My home church is called Westminster. And I want to briefly share 6 things I love about it.
Yes, I’m the pastor, but I’m also in the mix as a husband and father, someone with goals, struggles and hopes like many of you.
1. Authentic People
Runny noses, the occasional bad decision, a fight or two, and a lot of worn-out knees. A dream realized, a long-awaited hug, a decision to trust Jesus, and a second chance.
Especially in an age of privatized everything.
As Robert Putnam describes in his book Bowling Alone, people seem to be retreating from group-oriented activities (whether involvement in leagues, politics, community or church) and going it alone. But I’ve come to deeply appreciate this fact:
God uses the family of faith to build up the faith of the family.
People are a prize. Authentic people. People who are a bit like you, but unlike you too.
“Authenticity” means that we’re not pretending to be perfect. Truth is, I’m not a very “good” Christian. I mess up all the time! But it’s not about perfection; and I don’t think we’re pretending it is. It’s about trusting and trying together.
More and more we’ve become a family-friendly place. That means being intentionally inclusive of children and youth alongside adults. There’s work to be done, and I think that each year will see improvements. Of that I have no doubt.
But young people are included from Sunday School to the worship service itself; from playgroups to youth groups to camps, to an atmosphere that says “This isn’t just my parents’ church; it’s mine too.”
This is all a “good idea.” But to be honest, it also makes it easier for me as a parent.
3. Truth Matters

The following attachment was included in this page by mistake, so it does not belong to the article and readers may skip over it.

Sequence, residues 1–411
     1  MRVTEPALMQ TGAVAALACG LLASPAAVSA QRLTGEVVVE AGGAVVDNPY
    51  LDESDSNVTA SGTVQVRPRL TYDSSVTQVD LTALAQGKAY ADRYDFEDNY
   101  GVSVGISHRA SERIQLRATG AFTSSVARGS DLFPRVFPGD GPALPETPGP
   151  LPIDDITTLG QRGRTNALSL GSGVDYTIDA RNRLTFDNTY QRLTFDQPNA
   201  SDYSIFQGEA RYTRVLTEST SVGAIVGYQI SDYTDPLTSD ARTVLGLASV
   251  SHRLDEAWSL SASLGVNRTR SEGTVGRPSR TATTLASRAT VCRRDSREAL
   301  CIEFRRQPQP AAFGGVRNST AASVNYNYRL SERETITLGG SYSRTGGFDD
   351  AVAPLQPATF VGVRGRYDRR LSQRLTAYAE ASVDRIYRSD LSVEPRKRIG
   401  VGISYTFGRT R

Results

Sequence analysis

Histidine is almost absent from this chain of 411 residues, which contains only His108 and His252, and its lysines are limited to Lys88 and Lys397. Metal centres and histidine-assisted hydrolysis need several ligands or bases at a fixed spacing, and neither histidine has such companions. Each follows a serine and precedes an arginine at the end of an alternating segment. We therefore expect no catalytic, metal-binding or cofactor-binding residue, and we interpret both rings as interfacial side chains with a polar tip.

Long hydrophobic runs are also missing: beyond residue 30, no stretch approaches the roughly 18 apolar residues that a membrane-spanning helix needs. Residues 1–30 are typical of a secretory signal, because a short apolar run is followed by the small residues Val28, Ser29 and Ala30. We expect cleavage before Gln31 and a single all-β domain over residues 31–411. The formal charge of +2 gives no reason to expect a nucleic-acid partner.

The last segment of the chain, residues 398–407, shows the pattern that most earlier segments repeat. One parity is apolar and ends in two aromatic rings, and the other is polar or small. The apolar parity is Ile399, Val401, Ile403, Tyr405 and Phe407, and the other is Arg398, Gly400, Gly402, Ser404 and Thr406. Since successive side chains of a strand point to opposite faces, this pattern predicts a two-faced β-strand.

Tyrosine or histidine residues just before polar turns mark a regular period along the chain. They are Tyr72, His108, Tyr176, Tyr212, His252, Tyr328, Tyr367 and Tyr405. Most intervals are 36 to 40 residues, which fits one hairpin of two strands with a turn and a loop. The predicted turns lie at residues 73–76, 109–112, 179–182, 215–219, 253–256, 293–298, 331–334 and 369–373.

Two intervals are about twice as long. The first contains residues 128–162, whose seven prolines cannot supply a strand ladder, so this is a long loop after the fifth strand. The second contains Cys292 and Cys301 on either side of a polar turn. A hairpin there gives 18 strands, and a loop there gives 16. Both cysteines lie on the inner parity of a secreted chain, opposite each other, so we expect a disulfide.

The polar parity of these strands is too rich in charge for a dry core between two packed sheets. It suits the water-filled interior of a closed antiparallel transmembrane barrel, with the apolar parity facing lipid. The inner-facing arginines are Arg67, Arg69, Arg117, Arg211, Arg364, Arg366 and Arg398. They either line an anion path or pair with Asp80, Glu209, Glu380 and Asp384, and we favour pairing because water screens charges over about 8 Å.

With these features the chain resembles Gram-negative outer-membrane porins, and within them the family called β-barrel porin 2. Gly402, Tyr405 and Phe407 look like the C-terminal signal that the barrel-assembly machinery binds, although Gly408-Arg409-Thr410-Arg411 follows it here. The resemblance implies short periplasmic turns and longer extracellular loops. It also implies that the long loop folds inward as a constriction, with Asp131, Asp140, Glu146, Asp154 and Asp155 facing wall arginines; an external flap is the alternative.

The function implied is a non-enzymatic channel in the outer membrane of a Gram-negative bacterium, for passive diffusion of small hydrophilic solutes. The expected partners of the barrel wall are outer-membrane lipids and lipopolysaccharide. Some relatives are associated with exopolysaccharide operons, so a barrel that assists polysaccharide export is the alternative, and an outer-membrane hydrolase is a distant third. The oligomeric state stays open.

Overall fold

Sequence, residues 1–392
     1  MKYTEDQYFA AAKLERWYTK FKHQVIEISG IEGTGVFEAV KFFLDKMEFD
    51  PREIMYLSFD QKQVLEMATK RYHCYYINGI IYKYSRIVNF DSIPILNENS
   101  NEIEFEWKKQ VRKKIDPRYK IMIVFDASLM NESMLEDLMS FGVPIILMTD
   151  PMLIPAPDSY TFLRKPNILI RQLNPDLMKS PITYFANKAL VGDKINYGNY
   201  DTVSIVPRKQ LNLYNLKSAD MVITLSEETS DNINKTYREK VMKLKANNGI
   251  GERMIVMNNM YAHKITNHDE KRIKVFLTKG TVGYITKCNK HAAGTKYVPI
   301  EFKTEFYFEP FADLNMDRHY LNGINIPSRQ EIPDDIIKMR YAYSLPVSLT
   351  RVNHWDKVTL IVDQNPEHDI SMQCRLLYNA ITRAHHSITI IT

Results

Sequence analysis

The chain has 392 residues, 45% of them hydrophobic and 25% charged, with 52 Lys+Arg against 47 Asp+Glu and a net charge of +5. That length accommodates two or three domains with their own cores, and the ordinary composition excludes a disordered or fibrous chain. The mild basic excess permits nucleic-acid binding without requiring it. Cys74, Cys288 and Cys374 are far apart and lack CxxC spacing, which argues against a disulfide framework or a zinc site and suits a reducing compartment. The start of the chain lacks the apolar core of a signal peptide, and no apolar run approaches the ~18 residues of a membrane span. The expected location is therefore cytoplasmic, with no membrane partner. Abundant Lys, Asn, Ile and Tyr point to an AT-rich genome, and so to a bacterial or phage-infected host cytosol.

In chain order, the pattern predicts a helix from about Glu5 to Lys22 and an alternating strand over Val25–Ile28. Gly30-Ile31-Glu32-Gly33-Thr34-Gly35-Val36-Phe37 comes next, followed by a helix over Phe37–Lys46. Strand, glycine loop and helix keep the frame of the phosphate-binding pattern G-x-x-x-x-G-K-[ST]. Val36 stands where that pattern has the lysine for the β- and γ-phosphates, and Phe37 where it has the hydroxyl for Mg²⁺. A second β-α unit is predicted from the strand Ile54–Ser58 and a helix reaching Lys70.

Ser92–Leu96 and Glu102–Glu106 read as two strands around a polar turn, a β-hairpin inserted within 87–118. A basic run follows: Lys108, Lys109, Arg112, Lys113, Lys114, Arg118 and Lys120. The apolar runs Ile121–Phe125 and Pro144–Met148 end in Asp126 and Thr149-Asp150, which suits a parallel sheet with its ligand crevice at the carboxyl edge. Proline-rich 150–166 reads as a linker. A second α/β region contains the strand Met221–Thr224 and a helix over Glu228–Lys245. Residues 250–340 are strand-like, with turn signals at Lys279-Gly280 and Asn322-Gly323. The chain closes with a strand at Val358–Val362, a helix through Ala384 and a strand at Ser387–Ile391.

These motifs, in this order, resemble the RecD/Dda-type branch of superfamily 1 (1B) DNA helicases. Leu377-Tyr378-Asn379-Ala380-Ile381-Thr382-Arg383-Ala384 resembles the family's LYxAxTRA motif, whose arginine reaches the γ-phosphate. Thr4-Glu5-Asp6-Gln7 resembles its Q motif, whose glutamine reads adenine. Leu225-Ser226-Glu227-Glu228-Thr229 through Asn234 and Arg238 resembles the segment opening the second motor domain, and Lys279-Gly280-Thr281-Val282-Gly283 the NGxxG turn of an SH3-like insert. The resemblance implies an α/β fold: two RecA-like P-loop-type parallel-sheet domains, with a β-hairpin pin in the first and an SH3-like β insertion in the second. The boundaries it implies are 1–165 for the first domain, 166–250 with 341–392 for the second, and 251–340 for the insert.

In a time of relativity, “anything goes” and “if it feels good, do it,” I love that at our church truth matters. The message of God’s un-intimidated, getting-close, beyond-the-bounds-of-time love in the Risen Jesus is central. There is no other truth or system of belief like this one.
One of my goals every week is to communicate this truth to people in way that authentically connects to our modern lives—lives that are full of fun and fall downs, parenting ambiguities, rising hydro bills, surprising stories, unwelcome diagnoses, and rip-at-your-guts decisions.
In the midst of it all, there’s wisdom to be gleaned. We don’t compromise… at least not intentionally!
People visit and call, they send cards, flowers and prayers. This speaks to the heart of a people.
But I should also say this is getting harder. As the church becomes more diverse and as fewer people know each other based on Sunday morning encounters, we are trying to get more organized to make connections and express care. A group has just started up that wants to make and deliver meals for people who are sick or struggling. Plus, with an evolving culture and things like weekend work schedules, multiple-weekend activities, and more weekend travel (for younger and older people alike) it’s important to be intentional about connecting. It doesn’t just happen by itself.